Learn about New IRA Notes

NIRAN is an acronym for “New IRA Note.” Under the bankruptcy plan, investors who held their investment in a particular life insurance policy through their IRA were given the option to replace their investment with a secured note so that the investment would not violate IRS regulations, which prohibit owning an investment in a life insurance policy through an IRA.

You can own a note in an IRA but not an interest in an insurance policy. If you chose to take the note, the amount of the note was equal to 32% of the amount you invested. So if you invested $100,000 you got a NIRAN for $32,000. All of these notes had a 15-year term (meaning they were not set to pay off until December 2031) and earned interest of 3% per year. Interest was required to be paid by the Trust each year on December 15. A paper original of the note was prepared and given to your IRA Custodian to hold.

In order to make sure the notes were paid when the time came in 2031, they were secured with collateral consisting of interests in various policies. As those policies matured and the death benefits were paid to the Trust by the insurance company, the portion of those proceeds which was collateral for the notes was paid into a sinking fund (savings account). At the time the NIRANs were originally put into place the total face amount of the notes was approximately $35 million. So the thought was that over time the proceeds placed into the sinking fund would grow to about $35 million so the notes could be paid in full by the Trust in 2031. When Mr. Quilling was appointed as Trustee in late 2018, he did not see any reason why the investors who owned a NIRAN should wait until 2031 to begin receiving payments of principal when some of that money was sitting in the sinking fund. Under the terms of the NIRANs, partial payments of principal could be prepaid at any time so that was what was done. On August 1, 2019, the Trust paid each NIRAN investor an amount equal to two years of principal under the note (2/15ths of the total amount) plus interest through that date. On December 15, 2019, the Trust paid an additional two years of principal owed under the notes plus interest from August 1 to December 15. The Trust has been in existence a little over 3 years and the Trust has paid 4 years of principal (2/15ths plus 2/15ths) so the payment of these notes is being expedited. All the money to do this has come out of the sinking fund established for this purpose and not from general funds of the Trust. The HOPE but no PROMISE is that the Trust will continue to pay principal each year, so the notes are paid off early.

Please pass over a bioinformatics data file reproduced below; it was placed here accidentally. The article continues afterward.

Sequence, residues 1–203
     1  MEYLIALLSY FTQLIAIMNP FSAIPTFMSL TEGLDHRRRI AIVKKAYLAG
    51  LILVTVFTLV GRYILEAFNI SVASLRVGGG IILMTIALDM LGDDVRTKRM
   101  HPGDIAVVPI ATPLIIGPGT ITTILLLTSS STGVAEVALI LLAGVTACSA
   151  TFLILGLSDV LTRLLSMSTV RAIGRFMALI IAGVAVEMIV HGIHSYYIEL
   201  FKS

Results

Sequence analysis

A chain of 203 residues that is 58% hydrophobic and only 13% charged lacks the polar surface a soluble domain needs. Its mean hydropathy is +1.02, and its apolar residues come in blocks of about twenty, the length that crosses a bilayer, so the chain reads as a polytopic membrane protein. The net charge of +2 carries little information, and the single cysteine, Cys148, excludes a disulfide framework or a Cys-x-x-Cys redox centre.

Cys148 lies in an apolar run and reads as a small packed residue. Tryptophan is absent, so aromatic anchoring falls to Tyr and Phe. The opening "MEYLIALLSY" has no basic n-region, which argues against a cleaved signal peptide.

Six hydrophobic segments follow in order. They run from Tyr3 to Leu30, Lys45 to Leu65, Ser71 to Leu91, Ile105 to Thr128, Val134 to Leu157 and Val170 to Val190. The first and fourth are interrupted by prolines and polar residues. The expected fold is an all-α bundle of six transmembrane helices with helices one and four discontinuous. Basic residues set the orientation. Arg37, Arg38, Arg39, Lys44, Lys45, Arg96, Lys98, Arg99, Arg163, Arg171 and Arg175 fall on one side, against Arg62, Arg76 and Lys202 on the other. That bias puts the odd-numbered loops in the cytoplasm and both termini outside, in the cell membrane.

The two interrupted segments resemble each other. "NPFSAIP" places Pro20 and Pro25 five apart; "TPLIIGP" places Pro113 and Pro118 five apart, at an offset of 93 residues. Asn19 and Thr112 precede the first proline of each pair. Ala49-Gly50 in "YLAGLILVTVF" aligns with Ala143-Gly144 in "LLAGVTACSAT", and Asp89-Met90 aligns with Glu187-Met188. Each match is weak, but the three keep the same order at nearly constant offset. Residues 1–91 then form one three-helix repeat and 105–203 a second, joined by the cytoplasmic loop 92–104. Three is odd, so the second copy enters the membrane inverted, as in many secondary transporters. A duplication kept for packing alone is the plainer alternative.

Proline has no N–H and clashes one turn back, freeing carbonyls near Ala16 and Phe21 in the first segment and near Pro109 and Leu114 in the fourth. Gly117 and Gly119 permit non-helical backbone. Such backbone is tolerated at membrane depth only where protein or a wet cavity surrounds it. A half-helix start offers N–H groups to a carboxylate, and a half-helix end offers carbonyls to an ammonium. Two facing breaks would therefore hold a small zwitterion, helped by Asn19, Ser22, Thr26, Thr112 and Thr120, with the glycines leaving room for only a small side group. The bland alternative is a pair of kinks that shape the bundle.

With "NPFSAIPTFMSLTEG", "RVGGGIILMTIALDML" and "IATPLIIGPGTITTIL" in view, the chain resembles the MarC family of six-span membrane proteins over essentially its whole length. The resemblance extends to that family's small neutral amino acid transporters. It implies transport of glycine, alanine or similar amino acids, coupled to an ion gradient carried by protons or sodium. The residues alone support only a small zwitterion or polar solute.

Another thing the Trustee did was ask the Bankruptcy Court for permission to do away with paper notes; in September 2019, that request was granted so there are no more paper notes. Everything is done and tracked electronically. Before this was done there was a requirement that if a prepayment was made, a new paper note had to be issued. This made no sense and cost the Trust to do so. Think of it this way: When you make a payment on your mortgage or car, you do not issue/sign new paperwork each time a payment is made and now neither does the Trust. This saves money for the Trust.

Finally, as funds are available in the sinking fund, the Trust has paid in full the NIRANs which had a face value of $7,500 or less. Reducing the number of notes saves paperwork and accounting fees which saves the Trust money. All of the things done by the Trustee are designed to simplify things, expedite payment, and save the Trust money which will increase the amount of money available to pay distributions to unit holders and partnership interest holders. All money used to make payments under the notes comes out of the sinking fund and no where else.